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What meter with SWM dish?


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There's not an inexpensive meter for SWM. The only one available is $500. Consider getting the TV4RV tripod as it will make aiming a whole lot easier. On our new Genie receiver it makes a beeping sound as you hit the satellite and also has signal strength indication. Our old receiver didn't make a sound. What we did was to use a couple of radios to communicate or place the dish where you can see your TV thru a window so you can see the signal strength.

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We do pretty much the same as Horizon 36 does. I go to dishpointer.com for the skew, elevation and azimuth. I preset the skew, and elevation of the dish and then put it on the leveled tripod. The fact that the tripod has to be level cant be stressed enough. I then aim the dish at the approximate azimuth while I have the Genie receiver set on "signal strength". If I cant hear the signal because of the location of the dish, we then use walkie talkies so I know when we have achieved maximum signal strength. It did take a little practice, but now we can usually have the dish set up in about 5 or 10 minutes.

 

Paul

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TV4RV tripod and mostly what everone has already said, but I use a baby monitor also. Turn on the signal strength screen on your receiver. I have a Genie also, but the baby monitor will work even if you don't have a receiver with an audible tone. Aim the monitor camera at the correct park of your TV screen, take the remote outside with you and aim away. Works great and is a lot cheaper than a $500 meter. In my case I asked my daughter for her old monitor when the grandchildren were older.

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5thwheelgypsy,

Do you move a lot or tend to stay in one place for quite a time? Or, maybe more appropriately, how many times do you move a year? If you only do a few setups a year it is really hard to cost justify a meter capable of supporting the DirecTV SWM technology. A few years ago there were some reasonably priced alternatives for aiming these dishes. But, most of those meters are gone (I can't even buy a replacement battery for mine anymore). The "official" DirecTV meter is the AIM Meter (which uses DirecTV proprietary methods for reading KA band information). These cost a tad more than $450. There is a "Bird Dog" meter available for around $400. So, as you can see, unless you do a lot of setups, it is really difficult to cost justify one of these meters.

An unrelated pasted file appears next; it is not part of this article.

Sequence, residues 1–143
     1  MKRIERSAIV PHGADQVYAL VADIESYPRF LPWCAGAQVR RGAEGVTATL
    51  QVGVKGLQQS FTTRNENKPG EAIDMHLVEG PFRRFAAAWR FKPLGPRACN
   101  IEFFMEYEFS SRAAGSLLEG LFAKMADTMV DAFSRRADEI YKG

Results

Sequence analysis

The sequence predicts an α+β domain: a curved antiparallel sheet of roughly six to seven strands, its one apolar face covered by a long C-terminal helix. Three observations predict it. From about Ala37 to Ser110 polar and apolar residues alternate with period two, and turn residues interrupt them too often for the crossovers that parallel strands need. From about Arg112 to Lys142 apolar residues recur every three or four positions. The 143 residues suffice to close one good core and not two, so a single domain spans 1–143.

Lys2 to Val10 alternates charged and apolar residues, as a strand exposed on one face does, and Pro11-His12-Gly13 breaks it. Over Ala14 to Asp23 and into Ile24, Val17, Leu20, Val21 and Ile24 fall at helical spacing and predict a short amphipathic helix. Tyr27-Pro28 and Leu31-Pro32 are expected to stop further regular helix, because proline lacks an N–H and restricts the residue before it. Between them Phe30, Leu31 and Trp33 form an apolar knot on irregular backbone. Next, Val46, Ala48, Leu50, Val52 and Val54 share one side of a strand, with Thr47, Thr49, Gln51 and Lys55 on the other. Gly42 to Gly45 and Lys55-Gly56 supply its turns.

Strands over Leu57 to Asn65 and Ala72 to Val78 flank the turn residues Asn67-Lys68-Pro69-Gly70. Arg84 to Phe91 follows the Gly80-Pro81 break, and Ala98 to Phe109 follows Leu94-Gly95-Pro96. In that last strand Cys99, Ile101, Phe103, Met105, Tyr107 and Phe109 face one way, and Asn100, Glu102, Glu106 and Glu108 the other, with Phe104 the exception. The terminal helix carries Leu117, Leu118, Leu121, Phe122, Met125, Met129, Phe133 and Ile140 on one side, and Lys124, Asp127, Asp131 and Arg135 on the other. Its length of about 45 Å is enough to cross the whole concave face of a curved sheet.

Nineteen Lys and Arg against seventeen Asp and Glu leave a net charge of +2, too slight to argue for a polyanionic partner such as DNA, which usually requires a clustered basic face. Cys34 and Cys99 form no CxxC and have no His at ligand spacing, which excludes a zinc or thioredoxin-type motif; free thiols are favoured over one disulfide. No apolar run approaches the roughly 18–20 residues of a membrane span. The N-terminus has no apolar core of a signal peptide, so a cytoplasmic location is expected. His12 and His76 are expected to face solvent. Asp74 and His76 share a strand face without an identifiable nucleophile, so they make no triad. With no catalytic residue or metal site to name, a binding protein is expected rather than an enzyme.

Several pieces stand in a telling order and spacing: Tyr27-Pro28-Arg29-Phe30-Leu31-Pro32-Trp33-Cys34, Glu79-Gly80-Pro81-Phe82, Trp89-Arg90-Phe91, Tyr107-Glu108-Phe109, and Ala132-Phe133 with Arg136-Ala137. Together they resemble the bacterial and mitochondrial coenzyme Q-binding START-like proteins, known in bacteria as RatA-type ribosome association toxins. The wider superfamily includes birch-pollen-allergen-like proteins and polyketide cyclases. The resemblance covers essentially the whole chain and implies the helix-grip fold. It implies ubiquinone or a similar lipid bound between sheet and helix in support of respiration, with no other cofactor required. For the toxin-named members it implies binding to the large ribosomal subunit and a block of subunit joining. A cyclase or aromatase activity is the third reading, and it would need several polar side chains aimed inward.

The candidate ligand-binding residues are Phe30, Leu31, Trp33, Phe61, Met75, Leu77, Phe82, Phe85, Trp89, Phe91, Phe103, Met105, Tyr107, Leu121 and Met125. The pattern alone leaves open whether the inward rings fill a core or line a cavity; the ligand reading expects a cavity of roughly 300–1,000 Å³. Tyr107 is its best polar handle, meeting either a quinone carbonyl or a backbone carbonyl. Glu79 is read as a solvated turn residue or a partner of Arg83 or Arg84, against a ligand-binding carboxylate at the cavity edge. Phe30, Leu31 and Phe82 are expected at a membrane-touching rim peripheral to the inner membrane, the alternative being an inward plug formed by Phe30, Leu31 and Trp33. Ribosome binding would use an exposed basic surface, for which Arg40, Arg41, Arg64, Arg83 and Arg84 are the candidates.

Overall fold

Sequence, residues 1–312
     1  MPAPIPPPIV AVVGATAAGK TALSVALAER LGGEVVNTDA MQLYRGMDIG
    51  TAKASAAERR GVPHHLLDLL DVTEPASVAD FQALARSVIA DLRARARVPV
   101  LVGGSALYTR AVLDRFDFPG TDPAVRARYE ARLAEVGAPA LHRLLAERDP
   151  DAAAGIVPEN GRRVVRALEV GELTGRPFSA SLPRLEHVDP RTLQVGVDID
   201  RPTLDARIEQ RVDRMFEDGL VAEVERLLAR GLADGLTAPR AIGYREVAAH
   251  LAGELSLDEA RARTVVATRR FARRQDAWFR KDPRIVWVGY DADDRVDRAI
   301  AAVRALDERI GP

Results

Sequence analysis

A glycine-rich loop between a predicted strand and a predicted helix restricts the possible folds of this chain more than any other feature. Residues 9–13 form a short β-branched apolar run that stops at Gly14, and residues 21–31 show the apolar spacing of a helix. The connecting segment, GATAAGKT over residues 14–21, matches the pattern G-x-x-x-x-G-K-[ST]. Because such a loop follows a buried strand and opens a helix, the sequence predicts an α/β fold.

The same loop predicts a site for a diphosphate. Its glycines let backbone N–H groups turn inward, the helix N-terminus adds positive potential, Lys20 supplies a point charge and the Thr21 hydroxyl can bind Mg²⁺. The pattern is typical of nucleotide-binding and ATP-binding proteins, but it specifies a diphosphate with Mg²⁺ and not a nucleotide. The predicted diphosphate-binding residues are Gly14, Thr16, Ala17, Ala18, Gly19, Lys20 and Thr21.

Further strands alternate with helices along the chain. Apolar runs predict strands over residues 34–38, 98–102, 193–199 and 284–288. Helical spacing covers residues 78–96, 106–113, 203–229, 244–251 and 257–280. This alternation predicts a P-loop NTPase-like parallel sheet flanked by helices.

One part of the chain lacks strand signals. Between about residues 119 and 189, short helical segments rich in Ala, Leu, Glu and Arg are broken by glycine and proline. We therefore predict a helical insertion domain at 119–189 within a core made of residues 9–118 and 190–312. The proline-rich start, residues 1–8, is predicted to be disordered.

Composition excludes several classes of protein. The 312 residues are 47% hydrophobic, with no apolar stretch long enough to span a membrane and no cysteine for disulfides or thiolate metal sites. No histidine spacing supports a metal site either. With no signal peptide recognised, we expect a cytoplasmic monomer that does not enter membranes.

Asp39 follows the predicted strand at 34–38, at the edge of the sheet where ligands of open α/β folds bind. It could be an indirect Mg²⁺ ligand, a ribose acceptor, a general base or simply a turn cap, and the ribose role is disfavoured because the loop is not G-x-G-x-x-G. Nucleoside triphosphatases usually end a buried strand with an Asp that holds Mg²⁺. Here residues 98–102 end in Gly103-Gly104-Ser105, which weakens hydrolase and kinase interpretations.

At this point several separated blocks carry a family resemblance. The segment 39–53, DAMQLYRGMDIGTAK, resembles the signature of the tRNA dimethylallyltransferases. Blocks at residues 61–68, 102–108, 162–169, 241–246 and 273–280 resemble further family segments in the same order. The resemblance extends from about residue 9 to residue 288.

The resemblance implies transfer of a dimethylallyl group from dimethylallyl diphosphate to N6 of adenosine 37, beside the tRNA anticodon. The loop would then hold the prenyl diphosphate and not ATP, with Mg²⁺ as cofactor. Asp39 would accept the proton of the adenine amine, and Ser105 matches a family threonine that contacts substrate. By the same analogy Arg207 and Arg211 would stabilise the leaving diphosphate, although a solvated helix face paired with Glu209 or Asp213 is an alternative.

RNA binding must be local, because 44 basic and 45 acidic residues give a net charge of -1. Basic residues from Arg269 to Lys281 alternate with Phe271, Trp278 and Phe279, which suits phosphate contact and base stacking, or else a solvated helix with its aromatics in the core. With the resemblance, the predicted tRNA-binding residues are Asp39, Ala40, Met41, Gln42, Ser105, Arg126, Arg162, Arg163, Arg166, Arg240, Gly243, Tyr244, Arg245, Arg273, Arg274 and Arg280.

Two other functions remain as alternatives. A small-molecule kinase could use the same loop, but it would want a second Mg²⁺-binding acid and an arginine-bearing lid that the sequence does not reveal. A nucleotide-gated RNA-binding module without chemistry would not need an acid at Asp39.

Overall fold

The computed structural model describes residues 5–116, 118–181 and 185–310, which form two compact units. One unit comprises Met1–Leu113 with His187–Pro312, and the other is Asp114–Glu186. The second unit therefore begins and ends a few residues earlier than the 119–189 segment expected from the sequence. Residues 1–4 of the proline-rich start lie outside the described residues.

And the "best" meter is really the one in your receiver. So, using this for your original aiming is a great idea.

 

As for the values for aiming your dish, a lot of folks like to change the zip code in the receiver to get the dish settings. I find this a regal pain in the rear. You can get all your settings from a site called dishpointer.com. Just enter your zip code in the first entry line. For the second line enter either "101 DIRECTV 4S .." or scroll down for the list of "Multi-LNBs" and select "DirecTV SL3 (99W, 101W, 103W)". Return to the top line and click on the "GO" button. You will see the settings right below the picture of your location. To me, this is so much easier than changing the settings in your receiver.

 

Bob

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